HW4 -...

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Unformatted text preview: Applied
Electronics
2010
Problem
Set
4
(issued
on
April
7)
 
 Policies:
Submit
your
solution
to
the
TA
in
the
classroom
before
starting
the
 April
14
class.
If
you
submit
your
solution
after
the
due
time,
50%
will
be
deducted
 from
your
grade
and
any
excuses
will
NOT
be
allowed
for
the
delay.
Cheating
on
the
 homework
will
result
in
ZERO
grades
for
everyone
involved.
Discussions
on
the
 problems
are,
of
course,
allowed.
However,
in
that
case,
you
MUST
identify
the
names
 and
their
ID
numbers
in
your
solution
cover
page.

 
 Problem
1
 When
the
OP
amp
is
ideal,
calculate
the
following:
 (a)
va
 
 (b)
vo
 
 (c)
ia
 
 (d)
io
 
 
 Problem
2
 Assume
that
the
ideal
OP
amp
in
the
circuit
below
is
operating
in
its
linear
region.
 
 
 
 (a) Calculate
the
power
delivered
to
the
12
kΩ
load
resistor.
 (b) Repeat
part
(a)
when
the
OP
amp
removed
(that
is,
when
the
nodes
a
and
b
 are
directly
connected).
 (c) Find
the
ratio
of
the
power
found
in
part
(a)
to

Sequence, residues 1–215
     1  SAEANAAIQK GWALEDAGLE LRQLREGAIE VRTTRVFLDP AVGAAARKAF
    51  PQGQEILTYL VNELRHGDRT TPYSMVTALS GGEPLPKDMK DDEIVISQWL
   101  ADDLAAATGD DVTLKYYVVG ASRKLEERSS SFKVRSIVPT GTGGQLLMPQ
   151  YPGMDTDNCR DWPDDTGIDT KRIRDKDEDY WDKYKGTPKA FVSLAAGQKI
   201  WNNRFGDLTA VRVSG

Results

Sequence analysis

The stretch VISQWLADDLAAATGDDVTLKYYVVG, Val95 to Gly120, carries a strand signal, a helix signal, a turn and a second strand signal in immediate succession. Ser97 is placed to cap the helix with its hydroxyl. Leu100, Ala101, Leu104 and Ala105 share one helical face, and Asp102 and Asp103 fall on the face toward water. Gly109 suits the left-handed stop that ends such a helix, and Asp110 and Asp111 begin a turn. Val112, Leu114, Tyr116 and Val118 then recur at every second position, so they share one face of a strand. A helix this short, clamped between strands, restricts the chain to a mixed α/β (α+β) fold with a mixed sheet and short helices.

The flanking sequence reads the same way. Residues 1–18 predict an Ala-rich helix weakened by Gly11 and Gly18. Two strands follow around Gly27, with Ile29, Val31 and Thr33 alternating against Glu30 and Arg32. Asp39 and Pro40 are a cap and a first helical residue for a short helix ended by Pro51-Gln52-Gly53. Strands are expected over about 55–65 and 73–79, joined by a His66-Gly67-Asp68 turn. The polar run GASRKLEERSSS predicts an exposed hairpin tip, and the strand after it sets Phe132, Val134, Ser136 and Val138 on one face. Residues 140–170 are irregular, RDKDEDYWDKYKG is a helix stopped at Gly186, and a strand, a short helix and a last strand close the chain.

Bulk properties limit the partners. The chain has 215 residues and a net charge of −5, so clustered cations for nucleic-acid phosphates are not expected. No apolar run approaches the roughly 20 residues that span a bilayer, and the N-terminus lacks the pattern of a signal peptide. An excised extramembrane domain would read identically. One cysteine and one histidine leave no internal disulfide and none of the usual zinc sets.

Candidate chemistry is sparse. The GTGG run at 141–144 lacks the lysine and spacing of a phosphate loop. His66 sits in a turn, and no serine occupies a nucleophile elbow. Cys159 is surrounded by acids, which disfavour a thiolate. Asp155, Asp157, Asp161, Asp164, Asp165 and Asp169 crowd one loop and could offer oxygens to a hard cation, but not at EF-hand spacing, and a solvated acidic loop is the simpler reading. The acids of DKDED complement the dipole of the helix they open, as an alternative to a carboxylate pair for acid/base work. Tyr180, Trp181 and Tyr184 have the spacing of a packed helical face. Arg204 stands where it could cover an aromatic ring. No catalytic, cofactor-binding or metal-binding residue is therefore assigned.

that
found
in
part
(b).
 (d) Does
the
insertion
of
the
OP
amp
between
the
source
and
the
load
serve
a
 useful
purpose?
Explain.
 Problem
3
 The
voltage
signal
Vg
is
applied
to
the
ideal
integrator
as
shown
below.
Derive
the
 numerical
expressions
for
vo(t)
for
each
time
interval
((a)
to
(d))
when
vo(0)=0.
Also,
 sketch
the
output
voltage
vo(t)
from
t=0

to
t=750
ms.
 (a)
t<0;
 (b)
0
≤
t
≤
250
ms;
 (c)
250
ms
≤
t
≤
500
ms;
 (d)
500
ms
≤
t
≤
∞
 


 
 
 
 Problem
4
 Problem
8.56
of
Rizzoni
book
(5th
edition).
 
 
 
 Problem
5
 Problem
8.86
of
Rizzoni
book
(5th
edition).
 
 
 
 
 
 
 
 
 
 
 
 
 
 Problem
6
 By
using
ideal
OP
amps
and
RC
circuits,
one
can
build
an
analog
computer
that
can
 solve
a
differential
equation
as
shown
below.
 "v i ! R R R! !" #" R R ! ! R1 !" !" #" C R ! ! #" C !" #" ! ! ! vo R ! R2 ! R ! !" #" ! ! (a) Obtain
the
differential
equation
for
the
output
voltage
vo.
Note
that
the
input
 voltage
is
–vi
in
this
problem.

 (b) In
part
(a),
you
will
find
that
the
obtained
equation
resembles
the
typical
 spring‐mass‐damper
equation,
 m˙˙ + cx + kx = f .
When
you
adjust
the
R1
 x˙ value,
do
you
change
the
equivalent
damping
coefficient
c
or
spring
 coefficient
k?
 (c) Continuing
part
(b),
when
you
adjust
R2
value,
do
you
change
the
equivalent
 € damping
coefficient
c
or
spring
coefficient
k?
 (d) What
might
be
the
potential
problems
in
accuracy
when
using
this
“analog”
 computer
to
solve
the
differential
equation?
 
 ...
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This note was uploaded on 11/21/2010 for the course MECHANICAL mae302 taught by Professor Jang during the Spring '10 term at Seoul National.

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